Retired Anglican Bishop Desmond Tutu has written a most fascinating book, God is Not a Christian: And Other Provocations,” which begs any and all who take their religious walk and life seriously to read.
Tutu makes the case for the compassion of God versus the too-often lack of compassion found amongst Christians. Humans, he says, have “an impatience with anything and anyone that suggests there might be another way of looking at the same thing…There is a nostalgia for the security in the womb of safe sameness, and so we shut out the stranger and the alien.” Our faith must make us ready, says Tutu, “to take risks, to be venturesome and innovative; yes, to dare to walk where angels might fear to tread.”
Those words are simple; the directive of the Gospel to love God with everything we’ve got, and our neighbors as ourselves is a simple one to understand, and yet, is most difficult to do. What comes to mind immediately is the poor reception a 10-year-old Mexican American boy got when he sang the National Anthem at the opening of Game 3 of the championship game last week between the San Antonio Spurs and the Miami Heat in San Antonio.
Sebastien De La Cruz sang his little heart out at the opening game…but instead of encouraging and supporting him, some people found the fact of his singing the National Anthem offensive. (http://www.cnn.com/2013/06/12/us/mexican-american-boy-sings-anthem/index.html) . Cryptic and racist remarks were made, like, “Why do they have a Mexican singing the National Anthem?” or “why are they letting an illegal alien sing the national anthem?” (De La Cruz, by the way, is an American citizen.) Apparently, there were a lot of such remarks made, and I would bet that many of them were made by God-fearing, God-loving Americans.
There is something wrong with a country that applauds globalization from an economic perspective, but which does not understand all of the ways globalization changes and is changing the world. To be global means to be connected with people not like yourself; it means that different music, different names, different foods, different customs …become available for all people. Instead of being a homogeneous society, globalization means that there is a buffet before people, offering the great diversity of this world…which was, remember, all created by God.
globalization means that sometimes, as ethnic and racial groups meet, people will be uncomfortable as they come face to face with that which is different. We grow to love the “safe sameness” that Tutu writes about, and anything that jostles that safety is enough to set some people off, God notwithstanding.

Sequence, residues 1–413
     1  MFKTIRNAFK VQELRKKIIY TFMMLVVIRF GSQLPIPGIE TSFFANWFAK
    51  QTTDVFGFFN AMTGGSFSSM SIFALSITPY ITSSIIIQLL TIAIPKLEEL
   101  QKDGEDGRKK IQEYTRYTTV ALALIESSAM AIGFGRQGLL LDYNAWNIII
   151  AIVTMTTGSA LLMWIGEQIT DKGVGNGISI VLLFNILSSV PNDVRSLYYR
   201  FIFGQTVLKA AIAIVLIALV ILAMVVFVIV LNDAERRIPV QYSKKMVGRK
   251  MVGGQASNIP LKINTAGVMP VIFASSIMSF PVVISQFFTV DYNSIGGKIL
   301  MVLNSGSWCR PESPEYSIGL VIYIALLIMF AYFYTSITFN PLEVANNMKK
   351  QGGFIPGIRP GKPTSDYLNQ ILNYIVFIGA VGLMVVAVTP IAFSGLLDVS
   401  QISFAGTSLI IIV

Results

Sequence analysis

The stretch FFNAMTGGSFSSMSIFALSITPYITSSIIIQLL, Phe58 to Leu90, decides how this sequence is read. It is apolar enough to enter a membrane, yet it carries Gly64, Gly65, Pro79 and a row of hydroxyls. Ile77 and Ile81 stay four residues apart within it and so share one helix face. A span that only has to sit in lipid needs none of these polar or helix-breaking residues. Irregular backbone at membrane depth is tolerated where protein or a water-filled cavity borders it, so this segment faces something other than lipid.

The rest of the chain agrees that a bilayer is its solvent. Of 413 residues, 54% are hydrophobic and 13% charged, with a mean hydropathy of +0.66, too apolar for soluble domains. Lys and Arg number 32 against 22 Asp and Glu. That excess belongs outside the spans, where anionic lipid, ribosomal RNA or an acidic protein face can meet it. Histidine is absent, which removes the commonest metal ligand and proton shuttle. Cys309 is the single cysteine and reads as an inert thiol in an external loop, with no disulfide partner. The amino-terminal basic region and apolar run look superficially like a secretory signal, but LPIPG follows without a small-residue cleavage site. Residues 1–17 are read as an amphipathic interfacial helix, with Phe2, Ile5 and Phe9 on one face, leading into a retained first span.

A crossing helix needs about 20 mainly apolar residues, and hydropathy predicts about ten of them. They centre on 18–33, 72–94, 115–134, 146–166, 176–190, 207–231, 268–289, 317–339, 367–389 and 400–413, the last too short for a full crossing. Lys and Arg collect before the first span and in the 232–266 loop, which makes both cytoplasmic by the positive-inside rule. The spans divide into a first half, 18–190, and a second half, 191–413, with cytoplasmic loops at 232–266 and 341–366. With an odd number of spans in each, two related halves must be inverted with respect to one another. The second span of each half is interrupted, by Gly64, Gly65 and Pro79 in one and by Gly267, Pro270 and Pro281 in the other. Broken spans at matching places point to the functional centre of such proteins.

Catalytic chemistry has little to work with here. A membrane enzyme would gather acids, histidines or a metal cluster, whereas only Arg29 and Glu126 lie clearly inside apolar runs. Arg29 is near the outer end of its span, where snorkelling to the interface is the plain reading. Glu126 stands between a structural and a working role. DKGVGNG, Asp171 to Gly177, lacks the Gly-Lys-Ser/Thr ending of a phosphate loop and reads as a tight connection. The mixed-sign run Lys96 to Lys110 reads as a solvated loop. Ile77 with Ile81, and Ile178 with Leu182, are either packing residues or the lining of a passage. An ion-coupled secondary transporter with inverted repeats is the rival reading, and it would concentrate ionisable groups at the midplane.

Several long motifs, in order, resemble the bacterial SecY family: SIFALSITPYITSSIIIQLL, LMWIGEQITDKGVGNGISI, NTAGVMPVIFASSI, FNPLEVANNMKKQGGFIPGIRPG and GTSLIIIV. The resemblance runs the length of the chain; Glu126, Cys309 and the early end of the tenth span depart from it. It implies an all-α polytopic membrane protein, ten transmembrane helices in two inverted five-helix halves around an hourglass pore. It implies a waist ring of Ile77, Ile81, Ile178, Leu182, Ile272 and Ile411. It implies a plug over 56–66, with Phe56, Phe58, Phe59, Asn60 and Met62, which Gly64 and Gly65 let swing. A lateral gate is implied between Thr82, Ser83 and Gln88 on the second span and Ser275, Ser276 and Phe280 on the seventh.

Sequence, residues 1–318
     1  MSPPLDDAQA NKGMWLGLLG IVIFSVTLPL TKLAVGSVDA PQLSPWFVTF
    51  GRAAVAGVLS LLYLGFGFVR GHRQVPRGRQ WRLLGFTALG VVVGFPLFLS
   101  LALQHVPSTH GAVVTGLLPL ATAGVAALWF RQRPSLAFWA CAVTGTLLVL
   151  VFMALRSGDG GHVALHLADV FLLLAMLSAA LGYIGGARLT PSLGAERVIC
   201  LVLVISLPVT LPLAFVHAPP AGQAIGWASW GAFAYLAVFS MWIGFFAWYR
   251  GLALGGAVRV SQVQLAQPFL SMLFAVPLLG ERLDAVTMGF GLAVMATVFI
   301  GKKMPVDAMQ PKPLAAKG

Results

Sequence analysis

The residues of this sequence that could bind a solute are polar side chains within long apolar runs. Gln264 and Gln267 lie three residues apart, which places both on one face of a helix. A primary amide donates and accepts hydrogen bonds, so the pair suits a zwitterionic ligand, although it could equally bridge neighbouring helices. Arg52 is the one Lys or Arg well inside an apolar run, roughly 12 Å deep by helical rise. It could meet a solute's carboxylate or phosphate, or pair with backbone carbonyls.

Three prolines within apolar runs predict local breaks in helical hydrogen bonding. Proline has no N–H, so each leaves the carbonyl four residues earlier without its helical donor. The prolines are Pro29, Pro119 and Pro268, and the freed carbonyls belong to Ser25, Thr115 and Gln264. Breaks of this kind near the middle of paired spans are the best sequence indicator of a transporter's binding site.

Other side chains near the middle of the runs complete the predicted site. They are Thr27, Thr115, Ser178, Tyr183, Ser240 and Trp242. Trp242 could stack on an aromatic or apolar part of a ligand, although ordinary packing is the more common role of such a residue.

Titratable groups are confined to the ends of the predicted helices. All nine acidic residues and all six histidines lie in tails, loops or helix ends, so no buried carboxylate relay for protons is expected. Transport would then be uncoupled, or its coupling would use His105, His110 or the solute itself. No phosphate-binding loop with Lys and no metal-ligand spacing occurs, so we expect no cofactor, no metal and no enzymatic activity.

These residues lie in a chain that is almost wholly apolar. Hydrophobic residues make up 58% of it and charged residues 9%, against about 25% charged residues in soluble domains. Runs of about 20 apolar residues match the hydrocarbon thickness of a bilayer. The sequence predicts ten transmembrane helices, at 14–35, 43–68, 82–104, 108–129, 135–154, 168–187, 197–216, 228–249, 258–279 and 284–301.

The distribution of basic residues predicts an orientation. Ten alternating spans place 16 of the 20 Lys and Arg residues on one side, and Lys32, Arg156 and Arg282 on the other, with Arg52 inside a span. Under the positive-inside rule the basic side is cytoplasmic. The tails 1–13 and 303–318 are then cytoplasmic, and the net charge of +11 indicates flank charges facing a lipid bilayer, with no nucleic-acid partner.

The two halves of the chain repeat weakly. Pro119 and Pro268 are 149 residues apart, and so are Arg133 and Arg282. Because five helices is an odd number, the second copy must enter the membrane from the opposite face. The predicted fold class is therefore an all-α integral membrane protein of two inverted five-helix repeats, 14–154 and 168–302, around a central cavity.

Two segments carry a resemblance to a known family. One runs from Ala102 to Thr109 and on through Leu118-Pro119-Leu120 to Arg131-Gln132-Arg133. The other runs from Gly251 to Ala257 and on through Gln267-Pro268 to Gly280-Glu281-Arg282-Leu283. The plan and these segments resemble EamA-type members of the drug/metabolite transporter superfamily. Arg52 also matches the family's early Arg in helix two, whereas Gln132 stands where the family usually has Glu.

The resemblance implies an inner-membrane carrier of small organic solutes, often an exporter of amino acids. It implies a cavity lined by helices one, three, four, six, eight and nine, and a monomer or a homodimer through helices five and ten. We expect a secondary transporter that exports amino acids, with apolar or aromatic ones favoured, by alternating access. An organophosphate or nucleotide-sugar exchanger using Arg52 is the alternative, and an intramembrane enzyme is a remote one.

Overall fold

Christians are held to a high standard because Christians claim to follow Jesus the Christ, who preached love, inclusiveness, compassion, mercy and forgiveness. Christians like to boast that “their way” is the “only way” to God.
But one has to wonder, as we watch Christians behave abominably, what God is saying. Could it be that God is displeased with our racism and sexism and homophobia and xenophobia? Could it be that God is shaking at His/Her very foundations, yelling and screaming, “No!!! That’s not what I sent Jesus for!” as He/She watches us shun people, put them out of our “safe sameness” and as far away from us as possible?
Tutu’s statement, “God is not a Christian” is provocative, and yet, it seems to true. God, in the Hebrew scriptures, railed at the Israelites because they didn’t “get it,” the message of love and mercy and hospitality that God wanted them to have. The Israelites consistently broke covenant with God and it caused God, finally, to have to send Jesus to make humans at one with (atoned) God. Christians are supposed to “get it,” are supposed to understand what the ministry of Jesus was all about, and yet, historically, as it concerns different groups of people – blacks, women, members of the LGBT community …and even people with AIDS (remember Ryan White?) Christian behavior has too often been sorely lacking
Did God waste the sacrifice of his Son? Was Jesus’ suffering and death done for nothing?
Young De La Cruz didn’t let the racist remarks stop him, and, to the credit of the Spurs organization, they invited him back to sing the National Anthem the next evening. “For those that said something bad about me, I understand it’s your opinion,” said Sebastien to CNN. “I’m a proud American and live in a free country. It’s not hurting me. It’s just your opinion.”
It may not be hurting De La Cruz, but one wonders if it hurts God.
The days are over when America looks one way, with two major ethnic groups facing off. The fabric of America is multi-colored, with different hues and shades that will only increase. One day there may well be a Muslim in a hajib singing the National Anthem. Globalization, as far as the business community is concerned, is a good thing in that it increases the capacity for huge profits based on expanding markets. But globalization at its core might more importantly be about bringing the diversity of this world together, so that we must come out of “safe sameness” and get to know our neighbors better. It will be much harder to war against people we have grown to know and love.
A candid observation…